Month: April 2018

swipe

Account created my curiosity was just so that I would think about it a lot but use it very seldom. It still felt wrong. So casual and flippant, urging you to judge people by the glimpse you were afforded of their appearance or personality.

Unable to help myself I would judge people for their choice of pose or camera-angle, on a small biological quirk, the prominence of their features, on the small details in the background, the untidiness of a bedroom reflected in a mirror, or how intimidating their friends look.

I would cringe for them, and then myself, knowing that someone is making these same judgements about me. Now that my profile was live it could be happening at any given moment. As I wake up someone is repelled by the size of my eyebrows, jumping in the shower someone mocks me to a crowd of peers about how deranged I sound in my description, as I drift through the ennui of my new single life, someone I know dissects my profile, taking screengrabs and sharing it with everyone else I know, laughing together, all of them in unison, all before I’ve even had my fucking breakfast.

In an effort to restore some balance, and wishfully create some karmic reciprocity, I would pay respect to each profile, give each person the time and consideration before swiping them away. But still, swiping. So churlish a gesture. If only I could bow an apology to those I don’t see a connection with – this could only be facilitated by the fingertips of prayer-met hands pressing against the screen, dragged down and over as I dip my head and deliver a compliment about the way they wear the hair or something.

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single

I’m new to dating. Every relationship I’d had until now had grown out of friendships or friends of friends. Never set up so much as meeting and talking, and then deciding to keep meeting and talking until we run out of conversation; or feel complete disdain for each other and the people we had become. All healthy character building though ay.

I once asked for a girl’s number at school – written on a scrap of paper which I treated as a medal of my bravery, to be kept as a reminder and never actually called. I once worked up the courage to ask out a stranger but as luck would have it she was busy – an extraordinary turn of bad luck considering that I didn’t specify a date or time.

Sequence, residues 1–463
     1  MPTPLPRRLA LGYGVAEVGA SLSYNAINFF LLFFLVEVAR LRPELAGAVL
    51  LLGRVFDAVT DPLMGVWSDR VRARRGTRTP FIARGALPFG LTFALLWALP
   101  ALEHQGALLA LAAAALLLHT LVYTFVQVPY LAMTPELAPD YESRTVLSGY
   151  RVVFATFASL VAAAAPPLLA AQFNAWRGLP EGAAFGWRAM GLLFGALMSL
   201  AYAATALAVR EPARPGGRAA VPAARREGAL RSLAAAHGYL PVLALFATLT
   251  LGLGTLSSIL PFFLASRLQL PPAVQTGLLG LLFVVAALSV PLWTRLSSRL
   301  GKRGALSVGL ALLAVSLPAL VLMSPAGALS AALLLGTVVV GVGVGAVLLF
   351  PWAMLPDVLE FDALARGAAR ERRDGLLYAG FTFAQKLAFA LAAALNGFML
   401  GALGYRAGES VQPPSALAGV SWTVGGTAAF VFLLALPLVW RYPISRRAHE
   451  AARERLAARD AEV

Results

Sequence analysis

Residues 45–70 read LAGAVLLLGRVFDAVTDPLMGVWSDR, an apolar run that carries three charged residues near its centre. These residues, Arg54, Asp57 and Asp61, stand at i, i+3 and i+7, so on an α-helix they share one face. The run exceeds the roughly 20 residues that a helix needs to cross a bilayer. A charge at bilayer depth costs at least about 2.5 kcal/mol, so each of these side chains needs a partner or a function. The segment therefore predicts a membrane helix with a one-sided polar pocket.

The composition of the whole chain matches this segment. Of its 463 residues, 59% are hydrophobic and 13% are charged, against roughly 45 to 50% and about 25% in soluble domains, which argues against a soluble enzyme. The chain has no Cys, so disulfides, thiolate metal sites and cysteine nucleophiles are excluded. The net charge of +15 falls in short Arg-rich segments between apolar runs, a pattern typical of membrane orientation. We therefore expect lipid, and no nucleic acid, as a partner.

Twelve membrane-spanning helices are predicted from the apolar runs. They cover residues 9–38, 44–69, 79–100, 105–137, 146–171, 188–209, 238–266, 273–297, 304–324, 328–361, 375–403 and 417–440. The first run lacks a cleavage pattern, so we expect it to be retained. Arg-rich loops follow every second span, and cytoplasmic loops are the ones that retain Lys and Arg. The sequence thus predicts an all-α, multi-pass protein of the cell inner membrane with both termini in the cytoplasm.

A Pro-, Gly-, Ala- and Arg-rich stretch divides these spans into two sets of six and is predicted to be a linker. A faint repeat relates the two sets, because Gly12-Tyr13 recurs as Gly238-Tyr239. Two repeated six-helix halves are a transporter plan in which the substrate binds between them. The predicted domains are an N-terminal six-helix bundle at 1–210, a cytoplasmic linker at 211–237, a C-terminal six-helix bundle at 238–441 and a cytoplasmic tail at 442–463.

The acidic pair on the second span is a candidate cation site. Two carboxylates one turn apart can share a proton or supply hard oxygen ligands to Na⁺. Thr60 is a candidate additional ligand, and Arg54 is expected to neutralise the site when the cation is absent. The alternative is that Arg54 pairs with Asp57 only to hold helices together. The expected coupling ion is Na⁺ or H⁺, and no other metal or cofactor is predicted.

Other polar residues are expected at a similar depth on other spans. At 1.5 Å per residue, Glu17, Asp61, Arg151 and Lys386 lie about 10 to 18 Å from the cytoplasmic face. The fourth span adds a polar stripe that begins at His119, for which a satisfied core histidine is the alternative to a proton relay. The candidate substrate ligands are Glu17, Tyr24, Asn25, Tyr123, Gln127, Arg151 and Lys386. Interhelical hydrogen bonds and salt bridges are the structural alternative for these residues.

Since then I’ve stumbled and fallen into a handful of relationships clocking in at a total of around 12 years. Almost half of my life spent attached to someone. Now I’ve reemerged like a prisoner of yesteryear into a world that has changed so much that I’m a little overwhelmed by it’s rules and games.

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I don’t have social media and have been away from it long enough to find it a little alien. The ability to cherrypick ones online identity, what you choose to show, accentuate or completely erase makes me feel very uncomfortable. I cannot take a selfie with any degree of seriousness, or use hashtags without wincecringing. I have gotten as far asusing a handful of emojis, though I most definitely use them incorrectly and have been known to misinterpret them on the other end. Suffice to say I’m a little backwards when it comes to this form of communication, which as it turns out, is the bedrock of online dating.

I can appreciate the idea of online dating but this side of it is hard to overcome.

Since my sudden singledom I have become obsessed and so this seemed like just another cleverly designed distraction. Surrounded by people who use these apps, evangelists to the cause, I was convinced to join, or rather they did it for me.